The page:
If you type disk management into the search bar of windows 7 it offers "Create and format hard disk partitions" as an option, if you click on this it loads disk management, I think this speaks for itself, you don't need third party partitioning software in order to do it in Vista or windows 7.
To be honest it might be a better bet to contact Dell tech support and ask their opinion on creating additional partitions on their laptops, as you may know, laptops often come with hidden partitions on their drives with recovery software not unlike Acronis in order to reset the laptop if Windows becomes unstable. As gigagiggles says creating additional partitions may disable the recovery partition in some way, Dell would be your best bet for reliable information on this issue.
If I was doing it I would make a full disk backup with Acronis to an external drive, then if things went AWOL I wouldn't need the Dell recovery partition.
I would not let Partition Magic 8 anywhere near a Windows 7 or Vista partition as it dates back to 2002 and just does not understand the file structures used in the newer operating systems which are different to XP and earlier.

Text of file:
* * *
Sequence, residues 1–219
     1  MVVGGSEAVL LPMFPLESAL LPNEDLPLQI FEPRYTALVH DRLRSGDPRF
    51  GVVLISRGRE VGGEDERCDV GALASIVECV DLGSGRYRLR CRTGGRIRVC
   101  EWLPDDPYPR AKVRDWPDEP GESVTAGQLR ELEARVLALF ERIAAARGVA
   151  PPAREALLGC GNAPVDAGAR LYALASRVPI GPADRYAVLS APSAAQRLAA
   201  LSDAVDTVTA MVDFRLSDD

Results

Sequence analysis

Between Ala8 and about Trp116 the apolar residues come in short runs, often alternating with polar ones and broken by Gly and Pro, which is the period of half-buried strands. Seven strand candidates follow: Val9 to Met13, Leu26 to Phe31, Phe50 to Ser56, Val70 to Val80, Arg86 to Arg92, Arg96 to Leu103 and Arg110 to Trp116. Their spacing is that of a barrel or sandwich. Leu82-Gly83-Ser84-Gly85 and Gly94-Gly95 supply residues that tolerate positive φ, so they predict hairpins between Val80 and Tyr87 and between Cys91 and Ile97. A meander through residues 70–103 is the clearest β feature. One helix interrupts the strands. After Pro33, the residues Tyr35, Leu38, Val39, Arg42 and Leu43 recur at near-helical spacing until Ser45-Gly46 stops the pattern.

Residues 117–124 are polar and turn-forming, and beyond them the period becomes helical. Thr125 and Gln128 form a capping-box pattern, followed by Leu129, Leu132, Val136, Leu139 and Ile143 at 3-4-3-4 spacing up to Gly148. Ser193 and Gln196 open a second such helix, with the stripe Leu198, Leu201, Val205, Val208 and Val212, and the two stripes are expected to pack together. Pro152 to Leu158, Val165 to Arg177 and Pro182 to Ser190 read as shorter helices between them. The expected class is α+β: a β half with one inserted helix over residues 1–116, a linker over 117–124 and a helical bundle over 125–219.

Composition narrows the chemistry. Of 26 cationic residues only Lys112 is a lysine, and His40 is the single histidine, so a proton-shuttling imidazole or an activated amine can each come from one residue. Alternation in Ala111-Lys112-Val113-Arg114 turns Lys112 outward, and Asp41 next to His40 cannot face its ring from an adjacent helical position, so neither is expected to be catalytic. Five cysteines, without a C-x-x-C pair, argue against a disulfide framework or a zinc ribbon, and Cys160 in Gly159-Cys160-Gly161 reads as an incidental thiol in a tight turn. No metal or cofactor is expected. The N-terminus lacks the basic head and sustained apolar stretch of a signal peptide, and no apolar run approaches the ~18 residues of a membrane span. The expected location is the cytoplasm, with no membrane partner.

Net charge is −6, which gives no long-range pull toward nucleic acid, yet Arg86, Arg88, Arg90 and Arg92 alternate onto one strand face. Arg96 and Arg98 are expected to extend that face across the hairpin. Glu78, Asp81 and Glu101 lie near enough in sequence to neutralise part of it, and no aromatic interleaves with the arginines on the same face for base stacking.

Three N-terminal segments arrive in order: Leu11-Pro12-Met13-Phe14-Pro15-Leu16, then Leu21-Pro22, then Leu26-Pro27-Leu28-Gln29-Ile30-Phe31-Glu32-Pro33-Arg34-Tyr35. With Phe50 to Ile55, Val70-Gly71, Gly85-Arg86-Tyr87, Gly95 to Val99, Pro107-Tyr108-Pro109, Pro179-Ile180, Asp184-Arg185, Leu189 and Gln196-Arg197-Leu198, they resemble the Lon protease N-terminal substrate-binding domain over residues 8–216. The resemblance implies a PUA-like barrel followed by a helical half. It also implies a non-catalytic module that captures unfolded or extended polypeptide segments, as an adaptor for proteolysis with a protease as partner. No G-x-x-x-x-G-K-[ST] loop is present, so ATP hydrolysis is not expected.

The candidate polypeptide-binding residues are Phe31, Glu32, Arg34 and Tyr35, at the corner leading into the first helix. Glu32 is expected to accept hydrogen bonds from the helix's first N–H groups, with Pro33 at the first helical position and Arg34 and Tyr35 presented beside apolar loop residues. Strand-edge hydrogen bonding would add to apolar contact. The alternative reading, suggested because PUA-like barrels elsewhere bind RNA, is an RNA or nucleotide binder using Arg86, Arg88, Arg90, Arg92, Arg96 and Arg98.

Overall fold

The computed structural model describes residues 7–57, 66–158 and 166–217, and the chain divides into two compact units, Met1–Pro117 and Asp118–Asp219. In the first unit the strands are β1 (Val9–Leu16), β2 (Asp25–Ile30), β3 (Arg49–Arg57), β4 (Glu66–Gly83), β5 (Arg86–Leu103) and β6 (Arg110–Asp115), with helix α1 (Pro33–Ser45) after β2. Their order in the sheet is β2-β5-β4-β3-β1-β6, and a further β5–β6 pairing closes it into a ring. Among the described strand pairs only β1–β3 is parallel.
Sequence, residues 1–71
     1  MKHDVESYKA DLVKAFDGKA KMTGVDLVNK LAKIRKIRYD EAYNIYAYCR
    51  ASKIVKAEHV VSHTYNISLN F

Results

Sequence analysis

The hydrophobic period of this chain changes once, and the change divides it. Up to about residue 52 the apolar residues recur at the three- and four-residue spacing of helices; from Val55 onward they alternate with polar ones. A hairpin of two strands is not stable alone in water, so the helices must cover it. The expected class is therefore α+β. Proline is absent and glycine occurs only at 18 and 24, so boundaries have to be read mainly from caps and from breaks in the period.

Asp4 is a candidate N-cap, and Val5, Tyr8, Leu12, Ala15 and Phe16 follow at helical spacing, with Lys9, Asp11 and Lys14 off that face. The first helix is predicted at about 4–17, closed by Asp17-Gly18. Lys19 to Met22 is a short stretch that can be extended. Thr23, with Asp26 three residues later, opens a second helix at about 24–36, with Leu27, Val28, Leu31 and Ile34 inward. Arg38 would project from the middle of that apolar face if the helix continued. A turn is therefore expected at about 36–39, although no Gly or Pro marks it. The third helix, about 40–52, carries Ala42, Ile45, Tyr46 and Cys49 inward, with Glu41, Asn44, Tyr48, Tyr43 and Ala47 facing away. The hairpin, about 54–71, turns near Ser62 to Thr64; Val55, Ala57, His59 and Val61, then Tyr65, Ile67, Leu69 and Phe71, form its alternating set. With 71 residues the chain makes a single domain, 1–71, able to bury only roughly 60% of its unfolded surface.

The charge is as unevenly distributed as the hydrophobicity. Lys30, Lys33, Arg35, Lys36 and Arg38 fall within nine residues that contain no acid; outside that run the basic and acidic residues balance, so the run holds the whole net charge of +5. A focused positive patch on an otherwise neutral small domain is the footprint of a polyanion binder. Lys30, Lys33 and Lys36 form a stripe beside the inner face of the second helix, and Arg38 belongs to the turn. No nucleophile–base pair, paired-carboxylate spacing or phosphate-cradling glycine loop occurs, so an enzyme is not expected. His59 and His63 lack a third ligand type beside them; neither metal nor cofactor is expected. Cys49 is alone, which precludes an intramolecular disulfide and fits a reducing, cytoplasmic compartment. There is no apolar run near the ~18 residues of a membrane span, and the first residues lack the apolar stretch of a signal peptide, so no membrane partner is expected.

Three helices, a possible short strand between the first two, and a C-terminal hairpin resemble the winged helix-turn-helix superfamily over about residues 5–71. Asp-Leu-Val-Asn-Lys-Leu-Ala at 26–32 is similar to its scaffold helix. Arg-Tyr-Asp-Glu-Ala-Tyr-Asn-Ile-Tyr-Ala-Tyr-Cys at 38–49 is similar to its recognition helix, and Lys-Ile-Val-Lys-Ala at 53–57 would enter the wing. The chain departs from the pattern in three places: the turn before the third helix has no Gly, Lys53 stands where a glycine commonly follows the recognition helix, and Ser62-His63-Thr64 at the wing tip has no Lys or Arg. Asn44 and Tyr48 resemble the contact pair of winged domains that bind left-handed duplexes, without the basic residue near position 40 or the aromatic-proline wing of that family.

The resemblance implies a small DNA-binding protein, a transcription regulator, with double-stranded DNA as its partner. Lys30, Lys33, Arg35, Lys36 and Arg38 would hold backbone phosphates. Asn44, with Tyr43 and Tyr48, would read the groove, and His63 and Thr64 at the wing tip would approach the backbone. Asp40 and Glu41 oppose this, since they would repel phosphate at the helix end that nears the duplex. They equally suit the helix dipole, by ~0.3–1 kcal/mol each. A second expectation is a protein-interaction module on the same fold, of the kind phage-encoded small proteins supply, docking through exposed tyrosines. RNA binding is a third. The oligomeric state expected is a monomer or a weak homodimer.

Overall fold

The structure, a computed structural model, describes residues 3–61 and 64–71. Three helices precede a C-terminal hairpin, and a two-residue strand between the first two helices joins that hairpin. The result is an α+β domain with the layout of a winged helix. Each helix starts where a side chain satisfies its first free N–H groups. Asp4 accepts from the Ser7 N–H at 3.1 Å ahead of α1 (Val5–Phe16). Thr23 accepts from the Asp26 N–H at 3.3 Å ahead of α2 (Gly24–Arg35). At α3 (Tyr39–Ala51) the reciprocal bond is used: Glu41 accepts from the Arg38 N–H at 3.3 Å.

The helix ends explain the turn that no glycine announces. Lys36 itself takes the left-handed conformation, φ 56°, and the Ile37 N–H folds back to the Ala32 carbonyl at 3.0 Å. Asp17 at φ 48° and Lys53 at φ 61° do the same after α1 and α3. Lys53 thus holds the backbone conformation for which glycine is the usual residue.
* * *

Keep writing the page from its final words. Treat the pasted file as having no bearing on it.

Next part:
If used as ambra 4 outlines then all will be ok as both Vista and 7 will happily run on these partitions (some Ultimate features will not.If you were to reinstall either and format using Vista or 7 then Partition Magic will report these partitions as invalid because it cant read the newer NTFS file structure.
Use other widely recommended disk managers such as Acronis Disk Director or Paragon Partition. Manager.
Thanks for all the suggestions everyone. The PC hasn't arrived yet, so I don't know if it has a hidden recovery partition - but I suspect it will have.
I'll certainly talk to Dell technical help desk before I make any changes and also create an ISO image of the disk. I already have O&O imaaging software on my desktop, but I'll probably use Acronis on the laptop.
Incidentally, anyone following the link provided by Technotiger to the free EASEUS partitioning software should note that at present it is only for the 32-bit Win7 OS. Partition Wizard (see the link I provided at the top of this thread) is available for both 32-bit and 64-bit systems.